Last week I went to Staples Business Depot. Here's why you should care. My trip to Staples Business Depot started with a realization: I don't have a business card and that's kind of a problem. I have a website which matters more in the digital age but business cards are a professional norm regardless. So what took me so long? I don't know really. Life maybe?
Avery company has special business card, blank cut outs you can customize and print with everything from Adobe to Microsoft Word, that you can buy for about twelve or thirteen bucks Canadian from Staples Business Depot. They even have a website you can visit where you can design your business cards online using their library of templates for free. All you got to do is pick a template, customize the design, and fill in all the necessary info and once you're done you can save it as a PDF and it prints ten cards at a time. If you're not as cheap as me you can even have the cards professionally designed based on your set criteria, and the info you provide them with. Speaking of places to have your business cards professionally designed, another good inexpensive place to do that is moo.com, according to my mother. I checked it out and she's totally spot on about that. I did mention I'm cheap so no, that wasn't what I went with.
I tried multiple templates and free business card design sites before I found the Avery site. As a result the first couple of batches looked visually atrocious. The first couple of batches either cut off my name, had impossible to read print, or were the wrong size. I have Dyspraxia. People with Dyspraxia, although many of them mean well, are terrible designers because we all have a poor sense of space and fine motor skills. The only exception, in terms of me personally, are blogs and zines. I did create Original Noise, my first ever zine a couple years ago, on my own, but I had to make some mistakes before it didn't turn out to be an epic failure. In terms of blogs..well... I've had a lot of practice.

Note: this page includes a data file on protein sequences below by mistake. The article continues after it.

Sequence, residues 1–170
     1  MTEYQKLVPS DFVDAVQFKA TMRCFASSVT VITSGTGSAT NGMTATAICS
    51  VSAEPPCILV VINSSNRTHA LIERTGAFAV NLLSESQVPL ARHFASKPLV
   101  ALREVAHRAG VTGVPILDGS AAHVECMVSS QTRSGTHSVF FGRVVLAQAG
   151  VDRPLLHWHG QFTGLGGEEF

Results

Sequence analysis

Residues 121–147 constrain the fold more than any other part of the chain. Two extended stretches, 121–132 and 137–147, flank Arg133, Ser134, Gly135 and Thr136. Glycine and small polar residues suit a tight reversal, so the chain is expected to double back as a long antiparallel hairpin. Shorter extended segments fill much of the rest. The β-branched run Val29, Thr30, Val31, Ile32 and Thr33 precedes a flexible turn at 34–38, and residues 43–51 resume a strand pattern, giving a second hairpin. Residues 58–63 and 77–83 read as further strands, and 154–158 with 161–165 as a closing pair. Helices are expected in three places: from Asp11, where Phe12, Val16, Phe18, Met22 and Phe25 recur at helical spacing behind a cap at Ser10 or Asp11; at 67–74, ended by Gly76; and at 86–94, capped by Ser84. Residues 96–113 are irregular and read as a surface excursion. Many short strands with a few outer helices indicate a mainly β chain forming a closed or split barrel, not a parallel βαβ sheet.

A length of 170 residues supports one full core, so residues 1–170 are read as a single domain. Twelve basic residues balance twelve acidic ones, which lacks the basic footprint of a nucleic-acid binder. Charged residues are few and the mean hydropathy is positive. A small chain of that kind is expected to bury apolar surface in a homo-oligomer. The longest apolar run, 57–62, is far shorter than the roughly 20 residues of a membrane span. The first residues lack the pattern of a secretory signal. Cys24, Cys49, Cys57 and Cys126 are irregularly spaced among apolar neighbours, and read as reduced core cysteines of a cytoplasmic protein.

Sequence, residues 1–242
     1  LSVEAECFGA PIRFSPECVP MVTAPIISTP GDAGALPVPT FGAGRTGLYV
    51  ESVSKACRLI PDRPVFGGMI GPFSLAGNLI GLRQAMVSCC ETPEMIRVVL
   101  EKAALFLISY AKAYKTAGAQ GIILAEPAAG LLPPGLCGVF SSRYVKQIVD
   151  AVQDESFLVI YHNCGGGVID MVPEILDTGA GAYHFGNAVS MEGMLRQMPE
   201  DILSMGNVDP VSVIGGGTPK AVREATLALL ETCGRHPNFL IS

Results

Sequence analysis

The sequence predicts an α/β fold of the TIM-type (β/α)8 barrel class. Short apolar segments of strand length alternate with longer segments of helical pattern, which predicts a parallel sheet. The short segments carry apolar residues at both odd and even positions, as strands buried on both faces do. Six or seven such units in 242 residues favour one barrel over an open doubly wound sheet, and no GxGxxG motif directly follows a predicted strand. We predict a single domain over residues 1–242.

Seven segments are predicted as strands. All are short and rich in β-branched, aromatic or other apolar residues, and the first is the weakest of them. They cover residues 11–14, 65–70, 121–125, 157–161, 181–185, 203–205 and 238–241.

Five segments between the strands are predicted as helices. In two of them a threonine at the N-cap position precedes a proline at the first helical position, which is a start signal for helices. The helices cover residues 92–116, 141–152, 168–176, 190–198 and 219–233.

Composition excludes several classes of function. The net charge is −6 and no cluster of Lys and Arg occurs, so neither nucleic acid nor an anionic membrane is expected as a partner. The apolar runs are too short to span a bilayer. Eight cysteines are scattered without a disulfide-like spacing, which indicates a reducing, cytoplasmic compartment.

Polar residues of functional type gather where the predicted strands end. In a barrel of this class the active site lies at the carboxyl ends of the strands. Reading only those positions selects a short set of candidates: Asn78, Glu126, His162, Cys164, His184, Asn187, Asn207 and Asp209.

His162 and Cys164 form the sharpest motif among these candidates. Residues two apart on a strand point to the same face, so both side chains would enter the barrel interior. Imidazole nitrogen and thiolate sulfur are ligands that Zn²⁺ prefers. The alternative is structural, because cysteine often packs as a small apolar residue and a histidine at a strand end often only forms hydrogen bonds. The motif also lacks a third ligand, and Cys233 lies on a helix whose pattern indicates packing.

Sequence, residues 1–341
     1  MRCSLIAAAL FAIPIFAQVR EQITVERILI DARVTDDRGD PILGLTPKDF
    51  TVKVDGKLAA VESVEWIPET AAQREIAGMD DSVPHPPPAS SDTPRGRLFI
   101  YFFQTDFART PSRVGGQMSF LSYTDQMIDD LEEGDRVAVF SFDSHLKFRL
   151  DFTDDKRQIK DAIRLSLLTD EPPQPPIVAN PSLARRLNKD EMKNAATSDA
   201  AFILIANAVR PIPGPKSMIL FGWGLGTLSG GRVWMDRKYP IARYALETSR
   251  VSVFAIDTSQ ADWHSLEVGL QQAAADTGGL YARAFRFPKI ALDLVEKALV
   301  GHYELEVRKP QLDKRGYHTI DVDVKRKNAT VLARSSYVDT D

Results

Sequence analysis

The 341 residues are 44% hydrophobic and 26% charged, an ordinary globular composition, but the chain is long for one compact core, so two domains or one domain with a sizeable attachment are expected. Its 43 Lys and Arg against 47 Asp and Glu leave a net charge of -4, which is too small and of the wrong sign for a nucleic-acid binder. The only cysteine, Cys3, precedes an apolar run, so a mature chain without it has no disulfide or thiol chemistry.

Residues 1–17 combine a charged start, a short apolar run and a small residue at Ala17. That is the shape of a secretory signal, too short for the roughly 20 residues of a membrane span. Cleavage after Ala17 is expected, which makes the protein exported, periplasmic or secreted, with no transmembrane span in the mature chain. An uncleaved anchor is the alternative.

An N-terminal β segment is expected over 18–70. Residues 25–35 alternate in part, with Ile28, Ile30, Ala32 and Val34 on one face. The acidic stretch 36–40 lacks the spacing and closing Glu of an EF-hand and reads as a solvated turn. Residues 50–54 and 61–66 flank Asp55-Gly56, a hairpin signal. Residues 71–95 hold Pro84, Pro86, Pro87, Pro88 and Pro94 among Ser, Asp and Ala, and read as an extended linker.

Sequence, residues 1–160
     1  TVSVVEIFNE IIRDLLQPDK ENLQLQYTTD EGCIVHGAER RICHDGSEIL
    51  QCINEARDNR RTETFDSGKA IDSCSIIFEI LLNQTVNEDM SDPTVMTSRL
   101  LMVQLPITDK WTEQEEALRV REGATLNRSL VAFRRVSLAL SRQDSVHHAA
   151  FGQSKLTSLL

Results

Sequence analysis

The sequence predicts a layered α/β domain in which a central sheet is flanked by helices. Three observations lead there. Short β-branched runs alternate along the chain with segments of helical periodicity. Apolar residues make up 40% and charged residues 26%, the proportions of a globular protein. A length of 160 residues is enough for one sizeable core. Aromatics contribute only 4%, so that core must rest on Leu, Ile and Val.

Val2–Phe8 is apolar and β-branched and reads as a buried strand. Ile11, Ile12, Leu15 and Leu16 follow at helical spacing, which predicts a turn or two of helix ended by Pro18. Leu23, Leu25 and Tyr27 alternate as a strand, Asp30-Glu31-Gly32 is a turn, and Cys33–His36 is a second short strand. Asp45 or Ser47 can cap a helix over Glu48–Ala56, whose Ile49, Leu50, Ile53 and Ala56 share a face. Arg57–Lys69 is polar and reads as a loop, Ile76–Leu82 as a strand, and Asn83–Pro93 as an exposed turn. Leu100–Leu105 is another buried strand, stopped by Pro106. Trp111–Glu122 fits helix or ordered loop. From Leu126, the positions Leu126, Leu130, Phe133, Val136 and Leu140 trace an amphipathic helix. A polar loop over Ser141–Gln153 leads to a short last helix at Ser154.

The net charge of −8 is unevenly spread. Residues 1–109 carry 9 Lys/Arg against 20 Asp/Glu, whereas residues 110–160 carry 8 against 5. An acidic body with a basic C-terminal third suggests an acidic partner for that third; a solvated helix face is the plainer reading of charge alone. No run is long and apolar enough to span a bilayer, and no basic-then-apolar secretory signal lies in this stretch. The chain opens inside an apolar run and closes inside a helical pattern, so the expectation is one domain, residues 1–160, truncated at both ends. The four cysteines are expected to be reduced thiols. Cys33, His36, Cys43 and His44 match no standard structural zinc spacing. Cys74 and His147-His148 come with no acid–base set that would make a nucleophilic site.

Anyways: back to the business card story. Because of Dyspraxia the source of my failure in the first couple of batches was my inability to determine what the right template size was for the tiny business cards each piece of Avery business card paper turns into. Then I found the instructions manual. Always read the instructions manual dear readers! I didn't have to read more than the first couple of sentences before I was told to go to the Avery Company website. All their templates are the same size so they fit on the Avery business card paper like a nice, comfortable sweater (not glove, I despise cliches). Once I found a conservative template I deemed "perfect" I typed in all the info i needed: (name, the link to this blog, contact info, my freelance specialties, etc) and it was ready. It neatly converted the entire thing to a PDF but there was one problem: the font was out of whack and there was weird, unexpected overlaps. Turns out my Dyspraxic hands got clumsy (doh)! After a couple of hours of making mistakes I had a real business card, in black and white, simple, and not flashy or fancy.
Some people spend their evenings sleeping, chilling at home, or going places. That evening it was just me, my computer, and my printer. I was my own assembly line. I'm not afraid to admit publicly I stayed up late because I was D.I.Y ing business cards. My name is Rosemary Richings and sometimes I stay up late doing ambitious, creative, productive things! I feel like I could yell that from the rooftops, loud and proud. Thanks to my efforts that evening yes, you can ask me for my card. There are 120 something business cards currently lingering in my bedroom.